Epic adventuring that had me hooked by page 52. In the time-honoured way of honest reviewing I shall point out the things that stopped this excellent story from being the 5* this read really deserves:

-The present tense prose: didn't bother me at all once I was into the story but it will not appeal to some of my reading pals.

-That carrot ending: this really is a turn-off to many a reader and could be the kiss of death for a series. We don't want to have it taken for granted by the author that we will buy into the next installment.

-Some secondary characters were barely fleshed out: I'm especially looking at a giant of a man who comes across as cartoon thug.

I loved this story, non-stop action featuring a lovely pair of modest but surprising heroes and that is all I can say for the moment as this is not due to be published until April. To I recommend it? Oh yes, the best adventure novel I have read in quite a while.

A word on Scrofula, sourced by The Science Museum:

In the Middle Ages it was believed in England and France that a touch from royalty could heal skin disease known as scrofula or the ‘king's evil’. Scrofula was usually a swelling of the lymph nodes in the neck caused by tuberculosis. The practice began with King Edward the Confessor in England (1003/4-1066) and Philip I (1052-1108) in France.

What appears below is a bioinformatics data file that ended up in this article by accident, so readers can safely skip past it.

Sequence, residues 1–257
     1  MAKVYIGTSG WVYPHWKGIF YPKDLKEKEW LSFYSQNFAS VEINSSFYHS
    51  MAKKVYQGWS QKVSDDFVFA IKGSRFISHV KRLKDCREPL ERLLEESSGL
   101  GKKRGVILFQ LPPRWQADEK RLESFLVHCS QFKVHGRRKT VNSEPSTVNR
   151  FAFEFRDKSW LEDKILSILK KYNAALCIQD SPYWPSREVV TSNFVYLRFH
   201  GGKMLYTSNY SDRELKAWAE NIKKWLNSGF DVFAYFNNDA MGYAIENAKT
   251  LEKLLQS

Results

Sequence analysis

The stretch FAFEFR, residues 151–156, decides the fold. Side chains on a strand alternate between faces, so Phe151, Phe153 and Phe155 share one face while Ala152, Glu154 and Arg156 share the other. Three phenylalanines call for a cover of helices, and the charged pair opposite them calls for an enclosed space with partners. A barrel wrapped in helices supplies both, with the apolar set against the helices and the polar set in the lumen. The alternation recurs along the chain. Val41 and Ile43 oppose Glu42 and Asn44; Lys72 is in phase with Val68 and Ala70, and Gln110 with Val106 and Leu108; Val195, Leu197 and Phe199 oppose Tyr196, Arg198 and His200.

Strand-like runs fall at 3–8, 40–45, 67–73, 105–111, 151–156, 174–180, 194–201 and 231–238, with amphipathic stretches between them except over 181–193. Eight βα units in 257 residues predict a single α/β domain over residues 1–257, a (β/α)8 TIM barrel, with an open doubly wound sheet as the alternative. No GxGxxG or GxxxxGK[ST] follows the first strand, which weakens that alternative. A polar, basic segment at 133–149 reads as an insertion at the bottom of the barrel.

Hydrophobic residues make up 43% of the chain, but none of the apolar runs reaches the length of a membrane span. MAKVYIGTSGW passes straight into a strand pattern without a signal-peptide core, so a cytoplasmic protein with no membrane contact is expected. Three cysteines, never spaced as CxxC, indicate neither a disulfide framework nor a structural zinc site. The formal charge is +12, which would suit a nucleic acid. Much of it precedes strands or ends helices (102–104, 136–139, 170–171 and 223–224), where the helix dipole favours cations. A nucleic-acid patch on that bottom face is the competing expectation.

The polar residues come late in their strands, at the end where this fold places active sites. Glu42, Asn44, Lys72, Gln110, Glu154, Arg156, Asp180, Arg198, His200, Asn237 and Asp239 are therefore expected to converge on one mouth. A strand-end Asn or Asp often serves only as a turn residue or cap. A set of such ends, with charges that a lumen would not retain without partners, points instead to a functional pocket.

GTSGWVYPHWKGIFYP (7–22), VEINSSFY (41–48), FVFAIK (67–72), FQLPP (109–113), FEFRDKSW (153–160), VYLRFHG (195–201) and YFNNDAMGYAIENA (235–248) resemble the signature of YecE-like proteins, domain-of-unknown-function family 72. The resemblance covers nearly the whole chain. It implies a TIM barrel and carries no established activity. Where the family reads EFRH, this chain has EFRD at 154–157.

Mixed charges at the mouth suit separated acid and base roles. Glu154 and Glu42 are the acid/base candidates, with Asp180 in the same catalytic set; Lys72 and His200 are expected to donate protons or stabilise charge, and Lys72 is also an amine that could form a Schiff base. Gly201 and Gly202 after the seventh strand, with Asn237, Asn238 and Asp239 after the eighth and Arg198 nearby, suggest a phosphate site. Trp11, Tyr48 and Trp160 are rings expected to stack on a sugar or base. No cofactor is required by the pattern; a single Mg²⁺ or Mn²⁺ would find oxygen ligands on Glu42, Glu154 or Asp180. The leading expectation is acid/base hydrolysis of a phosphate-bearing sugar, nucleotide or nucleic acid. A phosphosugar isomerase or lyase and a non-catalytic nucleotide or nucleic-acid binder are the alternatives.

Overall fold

Subsequent English and French kings were thought to have inherited this ‘royal touch’, which was supposed to show that their right to rule was God-given. In grand ceremonies, kings touched hundreds of people afflicted by scrofula. They received special gold coins called 'touchpieces' which they often treated as amulets.

By the late 1400s it was believed that you could also be cured by touching a type of coin called an angel, which had been touched by the monarch. After angels ceased to be minted in the 1620s the same effect was said to be achieved by touching a gold medallion embossed much like the old coin.

Henry Beaufort, 3rd Duke of Somerset (26 January 1436 – 15 May 1464) was an important Lancastrian military commander during the English Wars of the Roses. He is sometimes numbered the 2nd Duke of Somerset, since the title was re-created for his father after his uncle died. He also held the subsidiary titles of 5th Earl of Somerset, 2nd Marquess of Dorset and 2nd Earl of Dorset.Source

Kidwelly Castle

EXTRAS: You too can watch Dating in the Middle Ages

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  mimal | Feb 20, 2014 |